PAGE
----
Canadian Election Drops Environmentalism

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My green building blog isn’t about partisan politics or environmentalism per se, but I’d be remiss if I didn’t make a bit of an observation in these veins regarding the results of Canada’s federal election yesterday.


Since green building is driven by global environmental concerns (I’d welcome a dissenting voice that could convince me it was simply driven by energy efficiency.), it does get connected to political events and environmental movements, if only tenuously.


So, what to make of Canada’s latest election results? The first thing I would note is that the Environment dropped right out of the picture among the major parties early in the campaign. As a serious issue, it was relegated to the Canada’s Green Party, which actually didn’t say much about it, and also won no seats in the election.


The Liberals, who lost ground to the Conservatives, launched their campaign under leader Stephane Dion’s “Green Shift” program, which promised to lower personal taxes and to impose a carbon tax on the country. Did anyone in the Liberal Party market test this plan before trying to explain it to the masses?It was a communications disaster, way too complicated for an election campaign, and the Liberals dropped it like a hot potato half way along.


The Conservatives loved it. They twisted it like a pretzel and pretty soon everyone was wondering if they could afford a new tax. More important, however, was how the global economic turmoil of recent weeks intervened in the middle of the election campaign, and environmental issuesquickly became second fiddle to economic ones among most voters. Right or wrong, it’s a bit a political psychology that everyone would be wise to take note of.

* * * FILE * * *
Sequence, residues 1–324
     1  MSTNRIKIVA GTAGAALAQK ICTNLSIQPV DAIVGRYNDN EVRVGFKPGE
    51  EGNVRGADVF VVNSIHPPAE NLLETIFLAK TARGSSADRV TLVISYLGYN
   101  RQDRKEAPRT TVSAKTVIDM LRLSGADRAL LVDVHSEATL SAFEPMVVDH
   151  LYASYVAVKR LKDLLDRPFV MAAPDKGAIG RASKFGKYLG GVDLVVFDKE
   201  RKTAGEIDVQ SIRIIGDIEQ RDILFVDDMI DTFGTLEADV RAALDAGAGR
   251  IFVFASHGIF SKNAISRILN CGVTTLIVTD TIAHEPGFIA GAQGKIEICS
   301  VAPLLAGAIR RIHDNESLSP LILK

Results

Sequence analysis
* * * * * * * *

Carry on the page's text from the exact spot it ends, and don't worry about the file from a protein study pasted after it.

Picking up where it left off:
The green question the day after the election, though, needs to be what will get environmental issues back in the minds of Canadians? Liberal Leader Dion came to his leadership with a green mantle (quite literally) and now may be doomed to another leadership review for his enthusiasm. The Conservatives in 2006 under Stephen Harper abandoned the Canada’s commitment to the Kyoto Protocol and set up three more years of consultations on an intensity-based approach to green house gas emissions produced by industry.


The environment was a leading issue among Canadians prior to the election, and it will naturally return to public policy debate when the now somewhat stronger Conservative minority government opens Parliament again. It will be interesting to watch how the issue develops. In the meantime, need I remind anyone that the polar ice cap is still melting.

I’ll look at some green election numbers in my next post.

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Colin Laughlan